The Mirror News

Government gets tough on coal seam gas

THE State Government has announced tough new reforms to further safeguard the interests of communities, the environment and food production in the exploration for coal seam gas.

Deputy Premier and Member for Gippsland South Peter Ryan said that alternative sources of natural gas presented potential economic benefits and new jobs for Gippsland communities, but the government would not allow new industries to threaten local liveability, the environment or food production.

The reforms which come into effect immediately are:

  • A hold on the issuing of all new exploration licences for coal seam gas until the upcoming national framework proposals have been considered;
  • A hold on all approvals to undertake hydraulic fracturing (‘fracking’) as part of onshore gas exploration;
  • A ban on the use of BTEX chemicals (benzene, toluene, ethylbenzene and xylene) in any mineral exploration activities in Victoria.

According to Mr Ryan, the government will also:

  • Seek to strengthen resource policy and legislation to ensure better consideration of mixed land use issues during the application process for coal seam gas exploration activity;
  • Use impact statements at the exploration stage in circumstances where there will be a significant material impact on the environment, to better manage mixed land use issues for all minerals exploration, including brown coal and coal seam gas.

“Impact statements and more work on policy and legislation will further safeguard areas of agricultural significance and address mixed land use issues in food production regions such as Gippsland,” said Mr Ryan.

He said the new reforms would be reviewed once ongoing work by the States and Commonwealth on a national framework for coal seam gas was completed.

“The national framework process is looking at the best methods for the regulation of the coal seam gas industry, including water management and monitoring, well design and integrity, hydraulic fracturing chemical use and industry and community engagement.

“In anticipation of the new national standards the Coalition is toughening already stringent laws to ensure Victoria continues to have the toughest safeguards in Australia.

“These reforms follow the announcement in June 2012 that Victoria had signed a National Partnership Agreement with the Commonwealth on coal seam gas and large coal mining development.

“Under the National Agreement, the newly established Independent Expert Scientific Committee will commence a Gippsland regional scale study into water and water dependent eco-systems.

“This study will provide a firm scientific basis to enable the Government to better regulate for future coal seam gas exploration and production to ensure there is no long term risks to ground water aquifers.”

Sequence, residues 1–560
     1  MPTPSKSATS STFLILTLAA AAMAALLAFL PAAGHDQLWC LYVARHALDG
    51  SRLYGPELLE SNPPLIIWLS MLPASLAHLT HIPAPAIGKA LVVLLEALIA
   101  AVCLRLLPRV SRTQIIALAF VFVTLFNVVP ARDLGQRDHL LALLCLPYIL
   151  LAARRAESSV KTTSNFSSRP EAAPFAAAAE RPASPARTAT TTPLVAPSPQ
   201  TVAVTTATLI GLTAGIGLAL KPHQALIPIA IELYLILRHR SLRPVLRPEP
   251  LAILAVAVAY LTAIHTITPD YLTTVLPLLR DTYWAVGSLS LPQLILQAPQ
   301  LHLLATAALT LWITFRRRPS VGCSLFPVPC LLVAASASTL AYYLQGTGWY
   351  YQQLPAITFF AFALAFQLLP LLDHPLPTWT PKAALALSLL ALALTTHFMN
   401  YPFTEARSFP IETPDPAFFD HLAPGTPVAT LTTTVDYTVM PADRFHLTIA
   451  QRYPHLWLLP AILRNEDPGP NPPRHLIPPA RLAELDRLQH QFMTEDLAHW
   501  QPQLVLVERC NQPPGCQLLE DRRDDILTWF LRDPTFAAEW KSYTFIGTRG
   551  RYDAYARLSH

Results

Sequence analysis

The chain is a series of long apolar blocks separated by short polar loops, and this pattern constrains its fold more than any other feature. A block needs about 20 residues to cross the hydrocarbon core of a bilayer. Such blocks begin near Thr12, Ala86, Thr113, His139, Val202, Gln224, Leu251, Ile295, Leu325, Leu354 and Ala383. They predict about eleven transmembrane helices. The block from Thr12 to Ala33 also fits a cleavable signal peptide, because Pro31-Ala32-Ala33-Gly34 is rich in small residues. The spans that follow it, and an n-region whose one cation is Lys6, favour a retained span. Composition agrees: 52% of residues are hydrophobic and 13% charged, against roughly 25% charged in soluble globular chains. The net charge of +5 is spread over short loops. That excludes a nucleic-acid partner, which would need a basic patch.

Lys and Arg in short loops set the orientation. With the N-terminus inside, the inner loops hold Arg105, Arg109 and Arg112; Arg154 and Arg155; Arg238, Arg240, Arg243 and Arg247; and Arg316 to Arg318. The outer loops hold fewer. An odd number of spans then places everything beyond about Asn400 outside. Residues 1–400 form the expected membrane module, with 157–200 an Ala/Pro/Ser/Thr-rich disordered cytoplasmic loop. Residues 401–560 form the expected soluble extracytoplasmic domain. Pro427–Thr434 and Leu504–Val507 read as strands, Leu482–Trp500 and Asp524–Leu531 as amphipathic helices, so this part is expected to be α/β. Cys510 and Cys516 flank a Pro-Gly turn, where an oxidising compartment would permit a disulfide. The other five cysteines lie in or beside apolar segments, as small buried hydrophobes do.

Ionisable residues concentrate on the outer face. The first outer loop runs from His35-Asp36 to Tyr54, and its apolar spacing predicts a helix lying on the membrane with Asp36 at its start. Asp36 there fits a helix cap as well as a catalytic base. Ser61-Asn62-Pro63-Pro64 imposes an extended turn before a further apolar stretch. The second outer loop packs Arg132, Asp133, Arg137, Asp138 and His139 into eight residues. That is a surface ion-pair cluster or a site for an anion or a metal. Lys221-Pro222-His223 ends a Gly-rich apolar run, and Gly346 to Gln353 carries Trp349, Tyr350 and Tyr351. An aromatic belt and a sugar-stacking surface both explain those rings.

Mr Ryan said that the new reforms are in addition to Victoria’s already tough regulatory framework that includes Victoria’s Environmental Protection Policy under the Environment Protection Act 1970 which does not allow discharge (from exploration and mining activities) that will pollute groundwater.

“Exploration for coal seam gas in Victoria is at a very early stage. There is currently no coal seam gas production in Victoria. While the location of Victoria’s coal existing resources is well known, the amount of any associated gas and the feasibility of extraction are very much unknown,” Mr Ryan said.

He said the extraction of natural gas, both onshore and offshore, had been safely regulated by the Victorian Government for more than 40 years, protecting both local communities and the environment while providing an affordable source of energy for households and business.

“By shielding communities and the environment from potential negative affects Victoria can open the way for opportunities to provide long term supply of cheap energy, create new local jobs and deliver more economic activity for local communities.

“The community doesn’t want new sources of gas and energy at any price. That’s why the Government will ensure that any future development of Victoria’s resources is carried out in a responsible and sustainable manner.”

The Opposition was quick to respond. Labor Member for Eastern Victoria Region Matt Viney issued a release claiming that the Baillieu Government was bowing to pressure from the community in announcing a partial moratorium on coal seam gas exploration.

He said he welcomed the move but said it didn’t actually address the concerns of the community. He called for a parliamentary inquiry into unconventional gas explorations, including coal seam gas, and a state-wide moratorium on further exploration for 12 months.

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